While the rare earth elements (REE) have largely contributed to the understanding of some internal geological processes, their use as tracers of superficial mechanisms (i.e., weathering and elements transport) remains tricky. This results from the poor knowledge we have of the REE distribution in the different fractions of solutions.
Up to recently, the studies carried out on the REE behavior in continental aquatic systems were mainly based on the “paniculate” and “solution” fractions separated by an arbitrary filtration through a 0.20 or 0.45 μm pore size membrane. Some recent work has shown, using ultrafiltration experiments, that REE are mainly contained in the colloidal fraction (i.e., 0.20 μm - 1 nm). However, studies devoted to the control of REE by the colloidal matter, have essentially focused on the organic pool (i.e., humic substances). By contrast, the mineral colloidal pool has received little attention.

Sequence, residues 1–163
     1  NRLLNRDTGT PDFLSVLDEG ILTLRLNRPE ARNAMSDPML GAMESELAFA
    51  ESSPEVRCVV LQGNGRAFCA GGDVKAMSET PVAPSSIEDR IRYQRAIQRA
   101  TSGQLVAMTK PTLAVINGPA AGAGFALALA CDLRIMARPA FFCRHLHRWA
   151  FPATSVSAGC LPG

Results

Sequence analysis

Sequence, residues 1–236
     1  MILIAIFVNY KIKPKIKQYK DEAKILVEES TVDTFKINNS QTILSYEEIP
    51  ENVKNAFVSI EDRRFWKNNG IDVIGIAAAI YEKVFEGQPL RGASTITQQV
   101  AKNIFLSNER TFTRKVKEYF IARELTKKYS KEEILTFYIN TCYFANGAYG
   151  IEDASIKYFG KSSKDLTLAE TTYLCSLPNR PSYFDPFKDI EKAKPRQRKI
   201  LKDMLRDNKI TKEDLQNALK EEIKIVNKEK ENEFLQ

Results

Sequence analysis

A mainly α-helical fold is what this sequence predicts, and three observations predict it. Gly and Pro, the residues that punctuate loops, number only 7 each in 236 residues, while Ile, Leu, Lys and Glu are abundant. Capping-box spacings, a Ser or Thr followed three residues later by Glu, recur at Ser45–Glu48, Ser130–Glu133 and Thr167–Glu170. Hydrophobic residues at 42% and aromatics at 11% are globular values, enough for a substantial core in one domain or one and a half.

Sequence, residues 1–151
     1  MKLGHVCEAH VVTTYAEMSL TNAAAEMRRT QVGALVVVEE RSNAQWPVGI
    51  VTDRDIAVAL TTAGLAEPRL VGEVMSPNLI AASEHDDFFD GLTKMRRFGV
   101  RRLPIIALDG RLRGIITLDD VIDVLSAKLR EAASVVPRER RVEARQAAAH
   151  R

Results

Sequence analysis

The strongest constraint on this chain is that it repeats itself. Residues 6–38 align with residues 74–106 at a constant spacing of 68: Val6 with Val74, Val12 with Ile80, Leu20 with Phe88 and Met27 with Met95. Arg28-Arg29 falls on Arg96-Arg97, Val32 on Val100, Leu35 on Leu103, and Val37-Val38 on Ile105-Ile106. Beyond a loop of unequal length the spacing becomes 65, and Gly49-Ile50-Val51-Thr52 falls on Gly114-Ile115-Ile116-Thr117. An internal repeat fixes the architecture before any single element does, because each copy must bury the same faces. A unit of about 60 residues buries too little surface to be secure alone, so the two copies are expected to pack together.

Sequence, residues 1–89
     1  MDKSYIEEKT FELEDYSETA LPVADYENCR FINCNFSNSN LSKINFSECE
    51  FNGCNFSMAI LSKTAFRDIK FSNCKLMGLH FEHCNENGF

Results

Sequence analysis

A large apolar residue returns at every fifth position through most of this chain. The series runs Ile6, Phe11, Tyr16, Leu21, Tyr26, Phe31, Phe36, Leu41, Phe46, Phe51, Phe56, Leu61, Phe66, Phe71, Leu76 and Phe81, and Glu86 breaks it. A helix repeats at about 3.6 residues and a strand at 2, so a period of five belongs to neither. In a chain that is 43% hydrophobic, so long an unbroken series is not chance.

In order to model these processes, we have developed a combined approach that consider (1) ultrafiltration experiments performed on a series of rivers located in Africa (Cameroon) and south America (Brazil, Venezuela) and (2) speciation calculations. This quantitative approach reveals, for the first time, that more than 60 % of the total REE in the solution of river waters is controlled by the mineral colloidal pool.